« Reply #8 on: February 13, 2015, 08:51:07 AM »
I have read that ceramic coating headers/pipes yields less friction and some small - maybe miniscule? - performance gain and then on a few other and much more rare sites I've read they may negatively affect fueling.  I can't imagine why the coating would specifically and negatively affect fueling other than any modification to exhaust usually requires some carb tuning and that's to be expected.  Anyhow, what do you guys know?

If an exhaust system is tuned in a beneficial way, and you change its temperature significantly, like by adding or removing insulating wrap, the speed of sound changes, and the tuning changes.  The speed of sound increases with temperature, so the pipe effectively becomes shorter as it gets hotter.

With thin coatings, the change in temperature of the gas is not as great as with a thicker insulation.  Measuring the exhaust gas temperature before and after applying the coating would be a reasonable way to find out if there was a significant change, as opposed to reading advertizing literature.  Generally, coatings of a few thousandths of an inch of thickness don't do much to heat transfer, since convection at the gas-surface interface is a bigger determining factor than the conductivity of the coating.  

Emissivity on the inside surface will probably end up being determined by the sooty film that develops, but going from a polished chrome outer surface to a black surface on the outside could make a measurable difference in pipe temperature.  What appears to be black to the infrared frequencies of a hot pipe might not be what our eyes perceive as black though, so it's possible that hot pink could have an emissivity the same or higher than black, for example.

The cute and handy IR thermometers that you point at a surface and read its temperature assume the emissivity is near 1, so if you want a fairly accurate reading on a chrome exhaust pipe, you need to do something like spray some black exhaust paint on a spot on the pipe, take the measurement, and then remove the paint with solvent later.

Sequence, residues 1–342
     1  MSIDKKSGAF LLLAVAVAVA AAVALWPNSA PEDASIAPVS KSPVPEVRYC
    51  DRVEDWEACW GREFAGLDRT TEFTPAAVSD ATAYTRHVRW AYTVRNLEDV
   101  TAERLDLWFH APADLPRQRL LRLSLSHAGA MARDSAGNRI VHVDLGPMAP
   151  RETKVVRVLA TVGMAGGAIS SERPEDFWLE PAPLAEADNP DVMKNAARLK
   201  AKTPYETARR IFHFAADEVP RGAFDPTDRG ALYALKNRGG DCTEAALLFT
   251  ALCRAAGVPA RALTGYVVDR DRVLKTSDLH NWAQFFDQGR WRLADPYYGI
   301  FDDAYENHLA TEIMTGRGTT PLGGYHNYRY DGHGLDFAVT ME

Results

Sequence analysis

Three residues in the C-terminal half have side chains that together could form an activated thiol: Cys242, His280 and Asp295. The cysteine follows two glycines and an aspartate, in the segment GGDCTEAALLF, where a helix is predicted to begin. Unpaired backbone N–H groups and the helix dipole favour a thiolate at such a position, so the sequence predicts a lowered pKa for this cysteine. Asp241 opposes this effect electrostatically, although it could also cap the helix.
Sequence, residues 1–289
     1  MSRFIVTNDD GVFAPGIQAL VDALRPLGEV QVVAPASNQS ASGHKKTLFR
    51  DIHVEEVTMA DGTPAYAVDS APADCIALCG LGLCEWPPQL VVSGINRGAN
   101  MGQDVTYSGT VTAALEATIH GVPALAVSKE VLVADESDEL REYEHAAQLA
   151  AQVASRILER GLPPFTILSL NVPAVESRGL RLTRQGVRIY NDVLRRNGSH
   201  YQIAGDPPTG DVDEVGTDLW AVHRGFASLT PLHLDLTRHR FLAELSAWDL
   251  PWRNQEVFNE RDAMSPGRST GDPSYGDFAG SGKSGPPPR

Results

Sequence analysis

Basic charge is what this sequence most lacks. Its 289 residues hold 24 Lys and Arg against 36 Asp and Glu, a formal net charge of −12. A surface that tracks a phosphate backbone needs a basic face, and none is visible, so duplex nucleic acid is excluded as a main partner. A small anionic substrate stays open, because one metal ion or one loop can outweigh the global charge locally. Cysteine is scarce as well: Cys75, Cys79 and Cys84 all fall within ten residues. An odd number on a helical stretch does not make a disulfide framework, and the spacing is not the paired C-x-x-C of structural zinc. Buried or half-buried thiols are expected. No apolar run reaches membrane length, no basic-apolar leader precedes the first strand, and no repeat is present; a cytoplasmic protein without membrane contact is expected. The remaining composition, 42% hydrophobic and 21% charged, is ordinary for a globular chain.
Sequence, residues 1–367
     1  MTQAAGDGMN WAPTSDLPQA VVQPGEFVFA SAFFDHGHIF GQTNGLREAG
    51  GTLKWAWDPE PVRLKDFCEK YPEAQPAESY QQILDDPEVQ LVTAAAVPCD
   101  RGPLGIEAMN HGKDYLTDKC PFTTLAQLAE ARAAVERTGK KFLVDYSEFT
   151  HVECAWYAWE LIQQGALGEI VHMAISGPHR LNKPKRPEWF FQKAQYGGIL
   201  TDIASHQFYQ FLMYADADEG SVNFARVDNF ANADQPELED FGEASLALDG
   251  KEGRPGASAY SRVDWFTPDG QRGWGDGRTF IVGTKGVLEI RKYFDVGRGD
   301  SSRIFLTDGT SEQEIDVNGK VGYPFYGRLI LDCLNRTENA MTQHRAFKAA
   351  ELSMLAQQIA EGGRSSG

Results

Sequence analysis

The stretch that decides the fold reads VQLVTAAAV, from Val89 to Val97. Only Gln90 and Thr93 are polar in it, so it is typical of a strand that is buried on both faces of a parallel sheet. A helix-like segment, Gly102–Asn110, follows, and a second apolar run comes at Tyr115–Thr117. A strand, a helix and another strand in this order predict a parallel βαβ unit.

« Last Edit: February 13, 2015, 08:53:44 AM by Triple Jim »
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Offline Cam3512

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Re: Ceramic Coating - saving old mufflers
« Reply #9 on: February 13, 2015, 12:45:25 PM »
Appropriate time for this post.  The pipes look great Jim.

It's motivated me to have the headers and crossover on my V7 Special ceramic coated black.

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Offline steamdriven NZ

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Re: Ceramic Coating - saving old mufflers
« Reply #10 on: February 13, 2015, 12:57:33 PM »
Hot Rod Magazine have a side issue called Engine Masters. They did before and after dyno testing of an engine before and after ceramic coating of the headers they had fitted to see if increased power claims were real.
The ceramic coating provided NO performance increase, but it did provide a remarkable reduction in radiated heat from the pipes. This would be quite useful for reducing underhood temps, so if the headers on my 73 C10 come off for any reason I'll get them ceramic coated.
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Offline Cam3512

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Re: Ceramic Coating - saving old mufflers
« Reply #11 on: February 13, 2015, 03:40:16 PM »
http://www.gsdcoatings.com/cmsms/index.php?page=exhaust

This is the place I've used before in New Jersey.  They also have a "chrome" ceramic coating that looks damn close to the real deal.
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canuck750

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Re: Ceramic Coating - saving old mufflers
« Reply #12 on: February 13, 2015, 03:57:58 PM »
http://www.gsdcoatings.com/cmsms/index.php?page=exhaust

This is the place I've used before in New Jersey.  They also have a "chrome" ceramic coating that looks damn close to the real deal.

Agreed, the 'chrome' is pretty darn impressive, the shop I go to has large drum polishers full of ceramic beads, they take large parts like car exhaust headers and tumble polish the ceramic coating. Lacks the 'blue' of nickel show chrome but it's still a very good option, and it will outlast chrome.

As a comparison to get the original Silentium shark gills chrome plated was going to run me around $800.00, the ceramic satin black cost $200.00. Since I am using these black pipes on a 750S3 it's a perfect fit.